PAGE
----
UCD researchers, Dr Anthony Chubb and PhD student Kevin O'Brien, working with Conway Fellow, Professor Denis Shields in the Complex Adaptive Systems Laboratory (CASL) are harnessing the donated computational power of personal computers to find new targets for anti-malarial drugs.
Most computers only use a fraction of their available CPU power for day-to-day computation. The UCD team have built a BOINC server that distributes jobs to donated 'client' computers, which then carry out the work in the background.
Malaria kills a child every 45 seconds. The parasite responsible, Plasmodium falciparum, continues to evolve resistance to available medication. New replacement drugs that target new proteins in the parasite are urgently needed.
Large pharmaceutical organisations such as GSK and Novartis have already tested millions of compounds and found nearly 19,000 hits that show promising activity against Plasmodium falciparum. However, they do not know which target protein(s) is actually being affected by these compounds.
If the target protein for each of these hits is identified, the process of drug discovery and development would be significantly enhanced. The FightMalaria@Home project is aimed at finding these new targets by distributed computation or crowd-sourcing.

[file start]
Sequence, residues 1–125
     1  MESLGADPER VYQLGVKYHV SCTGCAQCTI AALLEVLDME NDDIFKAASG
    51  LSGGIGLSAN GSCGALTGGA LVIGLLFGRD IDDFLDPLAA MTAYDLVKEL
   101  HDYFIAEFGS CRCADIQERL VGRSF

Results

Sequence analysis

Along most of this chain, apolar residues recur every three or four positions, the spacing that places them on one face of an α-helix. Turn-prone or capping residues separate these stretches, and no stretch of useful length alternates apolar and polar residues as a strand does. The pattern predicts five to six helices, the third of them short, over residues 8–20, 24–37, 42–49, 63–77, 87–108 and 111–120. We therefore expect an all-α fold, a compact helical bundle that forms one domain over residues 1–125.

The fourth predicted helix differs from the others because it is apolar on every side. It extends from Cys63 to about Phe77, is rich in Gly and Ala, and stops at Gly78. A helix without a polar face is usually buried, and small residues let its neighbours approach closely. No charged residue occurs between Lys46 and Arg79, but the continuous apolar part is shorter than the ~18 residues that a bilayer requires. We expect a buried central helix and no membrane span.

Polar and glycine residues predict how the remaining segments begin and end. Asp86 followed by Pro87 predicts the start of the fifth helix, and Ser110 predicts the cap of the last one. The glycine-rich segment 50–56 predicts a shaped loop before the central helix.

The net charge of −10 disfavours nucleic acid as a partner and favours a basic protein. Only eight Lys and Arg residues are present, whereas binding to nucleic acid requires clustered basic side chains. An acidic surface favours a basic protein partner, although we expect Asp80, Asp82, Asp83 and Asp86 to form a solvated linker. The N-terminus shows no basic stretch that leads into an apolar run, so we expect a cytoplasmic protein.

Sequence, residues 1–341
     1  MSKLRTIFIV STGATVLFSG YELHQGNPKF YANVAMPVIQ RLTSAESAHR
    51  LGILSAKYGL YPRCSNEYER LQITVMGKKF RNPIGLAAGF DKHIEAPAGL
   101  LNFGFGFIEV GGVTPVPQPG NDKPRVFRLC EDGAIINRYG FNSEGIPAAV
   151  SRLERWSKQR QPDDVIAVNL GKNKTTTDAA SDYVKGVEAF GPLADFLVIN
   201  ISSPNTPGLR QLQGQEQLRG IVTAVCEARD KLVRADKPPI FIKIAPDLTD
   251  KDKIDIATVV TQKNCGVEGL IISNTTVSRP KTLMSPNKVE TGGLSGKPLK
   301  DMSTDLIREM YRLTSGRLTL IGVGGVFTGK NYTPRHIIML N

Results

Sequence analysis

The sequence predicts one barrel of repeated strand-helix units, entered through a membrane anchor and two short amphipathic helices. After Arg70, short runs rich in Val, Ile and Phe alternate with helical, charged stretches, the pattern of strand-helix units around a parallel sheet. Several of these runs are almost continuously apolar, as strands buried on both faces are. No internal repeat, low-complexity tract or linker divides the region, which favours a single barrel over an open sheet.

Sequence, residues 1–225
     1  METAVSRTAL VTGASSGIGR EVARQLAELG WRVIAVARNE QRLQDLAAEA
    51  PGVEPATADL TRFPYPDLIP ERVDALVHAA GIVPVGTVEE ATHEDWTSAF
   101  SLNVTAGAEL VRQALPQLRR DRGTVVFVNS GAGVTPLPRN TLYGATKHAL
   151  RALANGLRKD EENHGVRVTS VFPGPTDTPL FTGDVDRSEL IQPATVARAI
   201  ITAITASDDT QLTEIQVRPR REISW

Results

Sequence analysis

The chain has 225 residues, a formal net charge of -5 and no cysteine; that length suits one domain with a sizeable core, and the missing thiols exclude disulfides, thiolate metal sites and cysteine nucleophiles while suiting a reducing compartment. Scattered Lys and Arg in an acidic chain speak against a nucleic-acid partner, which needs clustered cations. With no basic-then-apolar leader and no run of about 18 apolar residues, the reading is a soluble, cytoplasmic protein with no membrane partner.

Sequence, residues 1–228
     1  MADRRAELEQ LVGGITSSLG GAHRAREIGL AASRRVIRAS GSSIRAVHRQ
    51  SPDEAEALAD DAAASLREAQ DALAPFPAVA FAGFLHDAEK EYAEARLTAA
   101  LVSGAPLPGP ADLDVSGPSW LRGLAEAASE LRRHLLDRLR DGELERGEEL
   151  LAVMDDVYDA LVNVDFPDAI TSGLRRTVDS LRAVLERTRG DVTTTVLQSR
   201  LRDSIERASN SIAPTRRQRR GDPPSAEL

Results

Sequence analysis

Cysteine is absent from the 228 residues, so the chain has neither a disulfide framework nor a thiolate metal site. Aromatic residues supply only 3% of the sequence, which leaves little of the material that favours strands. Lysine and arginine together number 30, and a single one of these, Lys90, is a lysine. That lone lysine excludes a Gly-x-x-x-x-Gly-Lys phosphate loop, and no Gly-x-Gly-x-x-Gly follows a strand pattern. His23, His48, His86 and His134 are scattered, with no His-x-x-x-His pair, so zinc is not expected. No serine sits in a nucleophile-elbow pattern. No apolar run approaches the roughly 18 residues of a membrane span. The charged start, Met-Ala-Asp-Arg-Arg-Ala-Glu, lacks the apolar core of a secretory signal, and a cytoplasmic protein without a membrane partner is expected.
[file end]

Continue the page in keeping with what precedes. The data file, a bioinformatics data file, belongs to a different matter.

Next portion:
Dr Anthony Chubb says, "We plan to dock each of the 19,000 hits into structures of each of the 5,363 proteins in the malaria parasite. The computational power needed is enormous.
By connecting thousands of computers, we can harness the equivalent power of large supercomputers to help us with our research.
We have over 2000 computers from 63 countries around the world signed on already. This is allowing us to do about 300,000 docking calculations per day, but need to get to closer to 1 million per day."
The UCD team are appealing to people all over Ireland to donate computing time by logging onto www.fight-malaria.org and following the simple setup instructions. On this website, you can also monitor the leader board, top teams and project statistics.
Malaria infects 216 million people and kills 650,000 each year, mostly African children under 5 years old [WHO].